When I was twenty-nine, people lied to me about turning thirty. Comments like; “It’s no big deal,” and, “I didn’t have any grief,” were running rampant. It wasn’t until I had passed my birthday, having mentioned that I was a little regretful about retaining my youth, that those same well-wishers changed their tunes. Suddenly, I was hearing things like, “Oh yeah, I felt like that, too,” and “I know what you mean.” Certainly, I won’t hold a grudge against these people, as it is water under the bridge now, but there is one issue that I could have used a forewarning on: back fat.
Yep, you read it right and you DO know what I mean. Unlike my sister (a virtual Mary Poppins-measuring up to be practically perfect in every way), I have always had to work to maintain a decent weight. Decent does not mean perfect, mind you. Really, it means that I count every calorie and workout twice a day just to fit into a single digit dress size (barely at that).
Perhaps turning thirty has catapulted me into a state of body dysmorphic disorder, but I am telling you that bathing suit shopping yesterday was Hell. I stood in front of the mirror, surrounded by two-piece rejects, grabbing the sides of my lower back and swearing that the mirror was lying to me. Then, I went home and, stripping down, I stood in front of MY trustworthy mirror. Only, that mirror must have been lying, too, because the fat was still there. After a visit at https://www.artofwarquotes.com/leptitox-review/ site, the elimination of fat is great from the body of the customers. The rankings and reviews can be checked for the purchase of the fat reduction products. The confidence will boost with the morale of the people with impressive look.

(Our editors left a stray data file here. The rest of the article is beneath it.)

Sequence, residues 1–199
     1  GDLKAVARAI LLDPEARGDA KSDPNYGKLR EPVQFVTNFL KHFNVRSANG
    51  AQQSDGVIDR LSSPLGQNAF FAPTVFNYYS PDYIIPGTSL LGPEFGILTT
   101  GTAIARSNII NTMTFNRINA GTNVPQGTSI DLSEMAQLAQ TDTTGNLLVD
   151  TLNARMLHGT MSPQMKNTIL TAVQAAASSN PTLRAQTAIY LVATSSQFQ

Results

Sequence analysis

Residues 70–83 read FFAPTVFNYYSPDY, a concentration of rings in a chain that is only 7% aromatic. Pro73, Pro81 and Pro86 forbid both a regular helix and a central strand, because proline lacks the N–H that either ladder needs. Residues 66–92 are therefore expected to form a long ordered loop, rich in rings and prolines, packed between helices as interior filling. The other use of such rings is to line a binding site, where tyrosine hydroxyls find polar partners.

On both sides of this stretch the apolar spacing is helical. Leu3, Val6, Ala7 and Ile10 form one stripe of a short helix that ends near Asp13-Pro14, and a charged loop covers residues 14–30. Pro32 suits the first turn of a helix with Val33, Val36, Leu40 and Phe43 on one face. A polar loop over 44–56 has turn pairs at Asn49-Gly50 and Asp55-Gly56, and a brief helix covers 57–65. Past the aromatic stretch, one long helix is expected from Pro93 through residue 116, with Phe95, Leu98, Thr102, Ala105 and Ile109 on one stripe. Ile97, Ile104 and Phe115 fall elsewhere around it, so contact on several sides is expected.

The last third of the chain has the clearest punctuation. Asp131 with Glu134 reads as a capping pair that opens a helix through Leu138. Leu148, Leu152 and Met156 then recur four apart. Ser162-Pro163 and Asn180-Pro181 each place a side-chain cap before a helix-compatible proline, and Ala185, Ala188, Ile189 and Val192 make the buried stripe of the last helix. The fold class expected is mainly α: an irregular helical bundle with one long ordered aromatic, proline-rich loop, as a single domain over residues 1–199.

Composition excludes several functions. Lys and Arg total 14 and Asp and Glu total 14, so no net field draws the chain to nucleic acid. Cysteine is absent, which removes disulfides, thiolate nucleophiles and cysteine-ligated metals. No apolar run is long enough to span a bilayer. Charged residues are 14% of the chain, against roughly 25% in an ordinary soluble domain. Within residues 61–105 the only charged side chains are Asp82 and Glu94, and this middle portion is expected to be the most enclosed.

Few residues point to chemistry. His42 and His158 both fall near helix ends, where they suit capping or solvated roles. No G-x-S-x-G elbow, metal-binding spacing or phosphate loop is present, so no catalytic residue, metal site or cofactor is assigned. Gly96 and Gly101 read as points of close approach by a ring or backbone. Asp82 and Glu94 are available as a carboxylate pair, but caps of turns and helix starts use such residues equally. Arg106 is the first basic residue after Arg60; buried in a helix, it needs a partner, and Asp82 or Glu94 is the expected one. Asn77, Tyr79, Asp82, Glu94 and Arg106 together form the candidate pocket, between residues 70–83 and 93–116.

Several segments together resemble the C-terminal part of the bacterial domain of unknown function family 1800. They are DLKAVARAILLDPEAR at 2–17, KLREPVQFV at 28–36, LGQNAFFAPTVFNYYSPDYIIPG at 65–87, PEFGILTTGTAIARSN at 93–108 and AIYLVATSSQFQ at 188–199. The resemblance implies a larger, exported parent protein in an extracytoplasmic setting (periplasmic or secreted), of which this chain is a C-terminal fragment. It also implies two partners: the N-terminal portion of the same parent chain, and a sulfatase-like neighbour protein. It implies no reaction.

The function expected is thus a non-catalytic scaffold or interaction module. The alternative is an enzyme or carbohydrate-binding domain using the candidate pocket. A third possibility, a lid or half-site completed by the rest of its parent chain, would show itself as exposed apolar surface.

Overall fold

I decided to be proactive about the situation and discovered that it was bleak. First, I went to my sister (bad idea). After explaining the malady (and watching her scarf down a bag of potato chips with heaps of dip), she gave me her “thoughtful” answer. “Well, Juls,” she said, “you’re over thirty now. This is just what happens.” Silently, I chanted my own version of voodoo upon her that she may pack on post-thirty pounds in great excess. Then, I moved on to the next person.
My second attempt to resolve the issue was with my trusty friend, Anne (also a recent victim of this age milestone). I felt confident that she could help me. Having known her for nearly ten years, she has long since proven herself to be a great ally in the war on fat. My hopes were dashed when she e-mailed me the other day with no solution. At best, she informed me that she and her husband have been plagued as well. This hit me hard on two levels. The first level was that she knew of no exercise that would rid me of this chub. I figured if Anne doesn’t know of something for this, then no one does. The second issue was her husband’s complaints. Like my sister, Anne’s husband has always been the long and lean type. If he has back fat, I really am screwed.
Then, I decided that I should try to talk to someone older and wiser about the issue. I turned to Mary, a fifty-something receptionist at my workplace. As I bent down next to her desk to throw something in the garbage, I gave my complaint. She laughed heartily and quickly added to my dilemma. As I was bent over, the side of my shirt rode up just enough for her to get a good look at it. “Ooh,” she moaned, “you even have stretch marks there. How do you have stretch marks if you never had kids?” Having never noticed the ever-so faint lines on the skin, I trekked myself into the employee bathroom, pulled up my shirt, and inspected the area. Sure enough, she was right.
I re-entered the office just in time for the child care worker, Sandy, to jump into the conversation. She, too, had this disability and had spent considerable time trying to come up with a remedy. She decided that her fat was actually a mistake of the higher powers. She realized that somewhere in her creation, God had actually put tissue in her back that was really meant for her chest. She has been considering several surgery options to correct the deformity.
Having given up on ever ridding myself, deciding that I would forever wear a two-piece with a tee shirt, I complained about this to my parents. While my mom took all of this with a grain of salt, my dad opted for consolation. “That’s okay, hon,” he chirped, “lots of guys like girls with meat on their bones.”
Yeah, someone get me a gun.